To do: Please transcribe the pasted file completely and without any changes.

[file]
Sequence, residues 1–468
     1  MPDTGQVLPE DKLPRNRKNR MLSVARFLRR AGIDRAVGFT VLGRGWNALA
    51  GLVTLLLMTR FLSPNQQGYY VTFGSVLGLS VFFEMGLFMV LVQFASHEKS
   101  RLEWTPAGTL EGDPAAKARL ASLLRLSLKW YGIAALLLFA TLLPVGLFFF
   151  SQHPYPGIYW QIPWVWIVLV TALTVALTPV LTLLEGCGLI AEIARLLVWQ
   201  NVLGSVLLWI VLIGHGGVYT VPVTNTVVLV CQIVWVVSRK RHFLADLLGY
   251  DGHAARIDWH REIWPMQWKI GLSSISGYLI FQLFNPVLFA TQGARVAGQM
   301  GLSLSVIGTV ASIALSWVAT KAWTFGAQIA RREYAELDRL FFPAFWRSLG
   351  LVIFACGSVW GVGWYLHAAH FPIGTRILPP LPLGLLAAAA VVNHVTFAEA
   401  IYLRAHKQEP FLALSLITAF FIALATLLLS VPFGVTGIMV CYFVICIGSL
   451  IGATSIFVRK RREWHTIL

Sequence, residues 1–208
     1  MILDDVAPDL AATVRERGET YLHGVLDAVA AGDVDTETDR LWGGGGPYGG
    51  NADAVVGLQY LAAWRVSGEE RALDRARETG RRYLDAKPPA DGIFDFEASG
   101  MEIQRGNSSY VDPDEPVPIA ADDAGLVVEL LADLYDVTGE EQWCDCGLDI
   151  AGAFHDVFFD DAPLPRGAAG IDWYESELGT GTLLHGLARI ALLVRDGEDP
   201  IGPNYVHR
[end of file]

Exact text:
Sequence, residues 1–468
     1  MPDTGQVLPE DKLPRNRKNR MLSVARFLRR AGIDRAVGFT VLGRGWNALA
    51  GLVTLLLMTR FLSPNQQGYY VTFGSVLGLS VFFEMGLFMV LVQFASHEKS
   101  RLEWTPAGTL EGDPAAKARL ASLLRLSLKW YGIAALLLFA TLLPVGLFFF
   151  SQHPYPGIYW QIPWVWIVLV TALTVALTPV LTLLEGCGLI AEIARLLVWQ
   201  NVLGSVLLWI VLIGHGGVYT VPVTNTVVLV CQIVWVVSRK RHFLADLLGY
   251  DGHAARIDWH REIWPMQWKI GLSSISGYLI FQLFNPVLFA TQGARVAGQM
   301  GLSLSVIGTV ASIALSWVAT KAWTFGAQIA RREYAELDRL FFPAFWRSLG
   351  LVIFACGSVW GVGWYLHAAH FPIGTRILPP LPLGLLAAAA VVNHVTFAEA
   401  IYLRAHKQEP FLALSLITAF FIALATLLLS VPFGVTGIMV CYFVICIGSL
   451  IGATSIFVRK RREWHTIL

Sequence, residues 1–208
     1  MILDDVAPDL AATVRERGET YLHGVLDAVA AGDVDTETDR LWGGGGPYGG
    51  NADAVVGLQY LAAWRVSGEE RALDRARETG RRYLDAKPPA DGIFDFEASG
   101  MEIQRGNSSY VDPDEPVPIA ADDAGLVVEL LADLYDVTGE EQWCDCGLDI
   151  AGAFHDVFFD DAPLPRGAAG IDWYESELGT GTLLHGLARI ALLVRDGEDP
   201  IGPNYVHR